There is no question that the death penalty, as administered by the state of Illinois, has been unfair.

There is no question that the death penalty, as administered by the state of Illinois, has been unfair.

For the past ten years, there has been a moratorium on state executions because former Gov. George Ryan determined that too many errors have been found in the process, and too many people have been wrongly convicted of capital crimes, meaning they were executed in error. There is also no question that too many of those slated for the chair were minorities.

That is why it is especially gratifying to see that the Illinois legislature has done away with the death penalty, moving a bill to Gov. Pat Quinn’s desk. Quinn has been a supporter of the death penalty “when applied carefully and fairly,” but we hope he recognizes that there is nothing fair about executing a human being.

Oh, we’re not soft on crime, or bleeding hearts. Some crimes call for an ultimate penalty. Some criminals are never going to be rehabilitated. Those criminals should pay the state’s harshest penalty.

But we recognize that in Illinois, the death penalty was not “applied carefully and fairly.”

Some in the legislature argued that the system could be “fixed” to prevent the wrong people from being executed. Gov. Ryan didn’t think the system could be fixed, which is why he granted clemency to 164 Death Row inmates upon leaving office.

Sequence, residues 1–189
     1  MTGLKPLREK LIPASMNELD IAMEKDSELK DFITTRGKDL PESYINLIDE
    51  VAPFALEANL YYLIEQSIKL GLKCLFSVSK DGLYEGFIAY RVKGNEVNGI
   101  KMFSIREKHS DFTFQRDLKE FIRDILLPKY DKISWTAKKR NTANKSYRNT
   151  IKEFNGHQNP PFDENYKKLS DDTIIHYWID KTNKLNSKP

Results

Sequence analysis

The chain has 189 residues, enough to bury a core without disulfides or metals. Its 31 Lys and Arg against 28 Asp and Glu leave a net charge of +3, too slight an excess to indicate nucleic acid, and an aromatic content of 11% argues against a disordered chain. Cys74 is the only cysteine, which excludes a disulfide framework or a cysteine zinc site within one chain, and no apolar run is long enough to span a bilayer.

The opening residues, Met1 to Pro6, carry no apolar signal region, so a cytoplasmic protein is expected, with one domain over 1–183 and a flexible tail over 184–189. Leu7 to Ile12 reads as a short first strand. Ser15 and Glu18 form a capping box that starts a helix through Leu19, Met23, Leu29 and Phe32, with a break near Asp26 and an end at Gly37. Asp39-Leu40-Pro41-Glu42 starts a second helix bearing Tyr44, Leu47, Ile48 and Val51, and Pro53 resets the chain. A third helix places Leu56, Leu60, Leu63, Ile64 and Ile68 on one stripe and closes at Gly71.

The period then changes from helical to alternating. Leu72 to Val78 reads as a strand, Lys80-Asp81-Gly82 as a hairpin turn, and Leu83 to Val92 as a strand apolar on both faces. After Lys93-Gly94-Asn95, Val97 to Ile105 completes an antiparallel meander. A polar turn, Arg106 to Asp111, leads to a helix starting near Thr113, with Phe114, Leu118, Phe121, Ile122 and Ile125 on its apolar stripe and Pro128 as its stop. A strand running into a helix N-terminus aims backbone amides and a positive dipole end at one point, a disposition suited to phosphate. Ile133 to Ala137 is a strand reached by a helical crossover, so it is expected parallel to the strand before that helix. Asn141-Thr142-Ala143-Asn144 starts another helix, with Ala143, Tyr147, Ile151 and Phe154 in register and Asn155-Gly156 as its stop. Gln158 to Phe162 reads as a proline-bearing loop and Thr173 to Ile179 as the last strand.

This is a system where the wrong people get convicted, where Lt. Jon Burge was allowed to coerce confessions from innocent men through brutality. Some of those men spent decades in jail before they were exonerated. If they had been sentenced to death, the state – in fact, we, the people – would be responsible for the wrongful death of someone who didn’t commit the crime. It is estimated that 20 people have been sent to Death Row in Illinois and have later been exonerated. Those are the errors that have been caught, the lives that have been saved. According to officials, there are 15 people currently on Illinois’ Death Row.

With so many errors in a system that may have already taken too many innocent lives, we are glad to see Death Row dismantled. The Senate voted 32-25 to approve the ban, even with the backdrop of the mass murder in Tucson, Arizona three days earlier. Some opponents of the ban pointed to that incident as one where the death penalty is warranted. Others noted that six Chicago police officers were killed last year, crimes that have caused prosecutors to seek the death penalty.

But emotion is hardly the best wrapping for justice. Consideration of taking a life ought be deliberate and as free from error as humanly possible. Since it is not humanly possible to be error free, then it is necessary to simply abolish the practice.

Do we really want to be responsible for the death of an innocent person? Once applied, there is no do-overs, no make-goods. Once the execution is carried out, an apology is a very hollow response.

We applaud Rep. Karen Yarbrough, who sponsored the death penalty ban legislation in the state House, and Sen. Kwame Raoul, who sponsored the corresponding Senate measure, for convincing enough of their colleagues that taking a life requires more than fairness and more than carefulness.

Copyright 2011 Chicago Defender

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